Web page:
Politicians, business leaders, representatives of international organisations came together in the heart of Vienna, Austria, for the 27th annual session of the Crans Montana Forum.
The guests discussed a wide range of subjects from the role of women in decision making to renewable energies – the main angle being the rise of Central-Eastern Europe as a new power, and the migration crisis.
One of the most memorable comments was that of Gregory III, the Syrian Greek Catholic patriarch of Antioch, Alexandria and Jerusalem who had a surprising view on the reception of Syrian refugees in Europe.
“This is a double-edged sword. We are not happy when we hear “Syrians welcome” because we want them to stay home, especially when we see all the problems they have to go through. But I Think Germany, especially Germany and Sweden really invited people a bit too much. They should have been more circumspect at the beginning. My own parents lived in very good security conditions, under my own protection, and even they profited of this possibility to leave.” said Gregorios III
Most of the guests agreed that peace in Syria would be the long-term solution. Meanwhile, the outcomes of the crisis are far reaching – Tony Smith, the deputy director general of the international border control think-tank Borderpol, made a clear connection between the handling of the problem and Brexit.
“They voted to leave because they don’t feel that the EU is in control of its borders. And when they see images flashed across their television screens from different parts of the external frontier where people aren’t being properly checked, when they see terrorist attacks being perpetrated in places like Paris and Brussels by people some of whom have actually entered illegally via these routes or travelled and crossed borders without being identified – they are afraid.” said Tony Smith
Being afraid was also one of the keywords on the refusal of ex-communist Central-Eastern European Union members to take in refugees, as the former Hungarian prime minister, Peter Medgyessy apologetically explained.
“It is also a key factor, that these countries do not have a middle class, so the traditional attributes of the middle class, like empathy and helpfulness have no roots in society, because the socialist era did not allow these kind of initiatives.” said Medgyessy
One of the key subjects of the conference was the struggle of the European periphery towards integration and prosperity. The Western Balkan countries’ ultimate goal is still the EU, as the presidents of Montenegro and Albania underlined. This might be explained by projects such as the Silk Road, that would renew the ancient land route to China – and would vastly profit every country in between.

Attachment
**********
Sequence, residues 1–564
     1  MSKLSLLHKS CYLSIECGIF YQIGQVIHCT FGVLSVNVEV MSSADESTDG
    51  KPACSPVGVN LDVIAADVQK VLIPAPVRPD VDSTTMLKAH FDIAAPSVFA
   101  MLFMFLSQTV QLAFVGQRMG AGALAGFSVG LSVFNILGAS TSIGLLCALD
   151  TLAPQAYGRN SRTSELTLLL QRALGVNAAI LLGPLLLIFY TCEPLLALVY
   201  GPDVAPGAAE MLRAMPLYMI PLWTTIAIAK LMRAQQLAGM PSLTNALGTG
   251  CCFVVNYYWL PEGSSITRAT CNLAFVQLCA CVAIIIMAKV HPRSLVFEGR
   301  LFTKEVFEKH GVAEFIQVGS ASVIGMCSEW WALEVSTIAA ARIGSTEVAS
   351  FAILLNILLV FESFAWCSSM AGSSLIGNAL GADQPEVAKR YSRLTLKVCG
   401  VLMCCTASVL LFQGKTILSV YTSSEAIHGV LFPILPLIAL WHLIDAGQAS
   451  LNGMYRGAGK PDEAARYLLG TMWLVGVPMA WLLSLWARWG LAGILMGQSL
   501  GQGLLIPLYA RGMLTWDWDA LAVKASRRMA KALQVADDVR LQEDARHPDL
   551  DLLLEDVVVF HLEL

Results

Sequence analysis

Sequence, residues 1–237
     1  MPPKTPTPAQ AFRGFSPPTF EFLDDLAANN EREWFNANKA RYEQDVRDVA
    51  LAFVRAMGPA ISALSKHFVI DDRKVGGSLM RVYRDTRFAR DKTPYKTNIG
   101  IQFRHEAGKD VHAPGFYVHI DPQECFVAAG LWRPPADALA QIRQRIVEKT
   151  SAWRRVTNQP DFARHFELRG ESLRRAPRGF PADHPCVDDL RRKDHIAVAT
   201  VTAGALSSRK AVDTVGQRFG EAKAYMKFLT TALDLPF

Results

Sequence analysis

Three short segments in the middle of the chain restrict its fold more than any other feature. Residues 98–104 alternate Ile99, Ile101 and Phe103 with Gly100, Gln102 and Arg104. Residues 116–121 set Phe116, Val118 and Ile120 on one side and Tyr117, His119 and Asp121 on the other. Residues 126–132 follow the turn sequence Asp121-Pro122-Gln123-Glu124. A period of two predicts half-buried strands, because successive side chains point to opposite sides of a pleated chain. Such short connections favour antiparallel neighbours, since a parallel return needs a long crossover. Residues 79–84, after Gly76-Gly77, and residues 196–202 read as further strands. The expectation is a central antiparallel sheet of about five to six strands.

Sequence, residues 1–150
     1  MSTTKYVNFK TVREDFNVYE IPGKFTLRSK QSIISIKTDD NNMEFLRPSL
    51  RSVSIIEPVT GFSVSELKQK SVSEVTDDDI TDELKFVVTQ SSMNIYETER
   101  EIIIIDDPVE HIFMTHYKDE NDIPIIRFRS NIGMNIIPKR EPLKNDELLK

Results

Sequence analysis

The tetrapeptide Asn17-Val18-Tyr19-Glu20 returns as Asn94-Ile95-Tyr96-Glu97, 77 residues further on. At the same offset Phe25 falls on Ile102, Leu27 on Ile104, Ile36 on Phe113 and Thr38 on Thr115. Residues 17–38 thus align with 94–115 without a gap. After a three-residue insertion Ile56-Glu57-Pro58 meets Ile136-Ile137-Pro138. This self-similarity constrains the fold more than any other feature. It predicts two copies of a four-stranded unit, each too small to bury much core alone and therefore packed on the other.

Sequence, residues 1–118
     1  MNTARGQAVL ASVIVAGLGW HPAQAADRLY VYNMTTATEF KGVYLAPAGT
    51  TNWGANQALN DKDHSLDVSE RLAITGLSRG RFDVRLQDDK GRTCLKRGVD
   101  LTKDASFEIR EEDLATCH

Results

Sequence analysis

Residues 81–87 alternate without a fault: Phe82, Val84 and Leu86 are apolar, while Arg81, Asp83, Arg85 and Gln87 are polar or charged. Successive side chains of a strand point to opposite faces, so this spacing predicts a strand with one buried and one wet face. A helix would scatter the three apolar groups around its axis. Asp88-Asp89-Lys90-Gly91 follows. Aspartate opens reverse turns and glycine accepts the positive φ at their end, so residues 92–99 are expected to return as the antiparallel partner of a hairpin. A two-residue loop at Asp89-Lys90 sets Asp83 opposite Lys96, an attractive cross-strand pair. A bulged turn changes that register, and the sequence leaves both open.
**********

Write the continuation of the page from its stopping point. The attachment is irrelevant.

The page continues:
“The session was very important because it gave us the opportunity to of course underline the importance of these multilateral connections between huge consumers and huge producers of the world which in our terms (are) on one side Europe and the other side is China.” saidMaria Magdalena Grigore, Secretary of State for Transport, Romania
Building such a huge project is not easy. Getting finance for new infrastructure, tearing down commercial boundaries between countries – this kind of work takes time, and a lot of networking. The right people brought together can easily hatch new ideas or solve old problems – that’s where the founder of the forum, Jean-Paul Carteron sees their mission.
“The subjects we are proposing in the program have only one goal: they serve as a pretext to gather high-level personalities, and the only reason to do this is for them to meet among themselves.” said Jean-Paul Carteron
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Crans Montana profited from this occasion to honour some of its high-level guests with the Foundation’s prize. Among people like Bujar Nishani, president of Albania and Mrs. Hakima el Haité, minister of environment of Morocco, they also recognized the work of rescue dogs, represented by Markus Bock, president of the International Rescue Dog Organization. The next Crans Montana conference on good governance will be held in October in Brussels.